As google co-founder Larry Page acquires New Zealand residency, we find out why increasing numbers of billionaires are investing in the country and what residency and citizenship options the country offers to ultra high net worth individuals.
Following in the footsteps of tech billionaire, PayPal co-founder Peter Thiel, who acquired New Zealand residency in 2017, Google co-founder Larry Page has secured New Zealand residency with the Investor Plus visa.
Ranked as the sixth wealthiest person in the world, which is more than half of New Zealand’s GDP of US$230 billion a year, Page resigned as CEO of Google’s parent company Alphabet in 2019 but remained a board member and controlling shareholder.
Like Thiel, who was approved for citizenship due to his entrepreneurial and philanthropic status which the government felt could be of use to the country, Larry Page, 48, applied for New Zealand residence via the nation’s Investor Plus residency visa, which requires applicants to invest NZ$10 million (US$7 million) in the country over a three-year period and offering in exchange a ‘New Zealand lifestyle’ with your family.
New Zealand lifestyle appealing for HNWIs
And it is the New Zealand lifestyle and its relative isolation from the largest population centres of the world that has made the country a popular destination with HNWIs over the past few years.
Last month, researchers at the Global Sustainability Institute, declared New Zealand the “best place to survive global societal collapse” with the country’s ability to protect its borders and grow food for its population as well as its temperate climate and low population density as key attributes. And there have been reports of billionaires buying land for bunkers in New Zealand in preparation for an apocalypse.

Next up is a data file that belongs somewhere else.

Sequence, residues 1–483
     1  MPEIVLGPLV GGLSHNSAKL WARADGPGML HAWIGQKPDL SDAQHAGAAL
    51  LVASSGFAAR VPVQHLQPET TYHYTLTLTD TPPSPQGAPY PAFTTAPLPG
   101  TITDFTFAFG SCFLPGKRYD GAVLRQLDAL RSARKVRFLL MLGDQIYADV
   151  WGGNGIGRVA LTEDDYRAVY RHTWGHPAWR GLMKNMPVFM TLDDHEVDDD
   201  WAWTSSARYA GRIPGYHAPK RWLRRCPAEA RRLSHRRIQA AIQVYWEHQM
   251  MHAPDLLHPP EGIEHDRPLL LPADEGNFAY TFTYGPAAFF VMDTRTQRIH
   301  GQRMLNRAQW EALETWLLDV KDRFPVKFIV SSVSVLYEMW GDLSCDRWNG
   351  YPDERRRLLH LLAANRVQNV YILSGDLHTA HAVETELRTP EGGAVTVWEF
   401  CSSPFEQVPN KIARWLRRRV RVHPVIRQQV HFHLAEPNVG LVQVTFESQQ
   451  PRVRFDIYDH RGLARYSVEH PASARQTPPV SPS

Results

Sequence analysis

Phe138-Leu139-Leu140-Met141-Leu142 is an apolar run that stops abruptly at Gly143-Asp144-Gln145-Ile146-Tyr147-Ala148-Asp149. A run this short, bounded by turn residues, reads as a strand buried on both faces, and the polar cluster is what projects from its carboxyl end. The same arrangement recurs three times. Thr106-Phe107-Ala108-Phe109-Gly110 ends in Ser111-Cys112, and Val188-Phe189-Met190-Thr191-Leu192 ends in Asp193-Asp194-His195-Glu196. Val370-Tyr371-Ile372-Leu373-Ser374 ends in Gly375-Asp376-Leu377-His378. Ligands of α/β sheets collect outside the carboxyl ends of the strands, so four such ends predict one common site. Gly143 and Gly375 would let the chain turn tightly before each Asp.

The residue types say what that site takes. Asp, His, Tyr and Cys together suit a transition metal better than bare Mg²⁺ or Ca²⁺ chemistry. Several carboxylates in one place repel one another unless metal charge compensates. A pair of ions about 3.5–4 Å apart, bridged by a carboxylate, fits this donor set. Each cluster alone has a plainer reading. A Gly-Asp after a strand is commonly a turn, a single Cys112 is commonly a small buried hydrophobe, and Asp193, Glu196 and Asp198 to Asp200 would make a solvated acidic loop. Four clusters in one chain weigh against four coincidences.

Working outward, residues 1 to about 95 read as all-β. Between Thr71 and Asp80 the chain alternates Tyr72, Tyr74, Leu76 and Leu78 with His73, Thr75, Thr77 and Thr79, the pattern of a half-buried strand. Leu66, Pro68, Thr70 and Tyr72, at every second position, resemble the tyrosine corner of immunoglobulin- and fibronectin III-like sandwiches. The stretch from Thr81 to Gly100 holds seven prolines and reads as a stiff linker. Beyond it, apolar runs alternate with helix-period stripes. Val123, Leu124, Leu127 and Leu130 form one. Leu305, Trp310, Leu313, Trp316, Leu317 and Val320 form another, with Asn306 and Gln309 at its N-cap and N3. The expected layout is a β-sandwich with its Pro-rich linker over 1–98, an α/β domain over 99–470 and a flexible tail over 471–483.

Add to this the fact that is one of the world’s most stable and well-governed nations, with an appealing work-life balance, New Zealand is increasingly becoming an attractive destination for investment, business and raising a family with HSBC’s 2018 Expat Explorer survey ranking it 2nd in the world both for work-life balance and quality of life. It is also consistently ranked in the top 10 when it comes to starting a business and protecting investors. And the country also has no fit, estate or wealth tax, no capital gains tax, an extensive tax treaty network.
Investor visas for New Zealand applicants
To apply for residence in New Zealand through investment, there are two investor categories:
- Investor 1 – minimum investment of NZ$10 million for at least three years
- Investor 2 – minimum investment of NZ$3 million for at least four years
The investments must have the potential to contribute to New Zealand’s economy, be able to make a commercial return, and must be in bonds, equities, property or other investments.
There are five types of investments that are accepting including to invest in New Zealand companies owned by overseas companies, investment in residential property, commercial property, philanthropic investment or growth investments.
Once the investment has been kept for the required 3-4 years, individuals can change their resident status to permanent resident and following five years or residency, can apply for citizenship, which will require showing ties to the country such as a permanent home, attending an interview and having knowledge of New Zealand’s history, culture and values. And as dual citizenship is allowed in New Zealand, individuals will not be required to renounce their previous nationality.
The investor visas include family members (family of four). And after five years of residency under either of these options, you can then apply for citizenship
As well as these two investor visa options, the country also offers a Temporary Retirement Category for those over 66 years of age, allowing you to stay longer than the standard visitor visa up to two years. You would need NZ$750,000 to invest in the country for two years and another NZ$500,000 to live on, and an annual income of NZ$60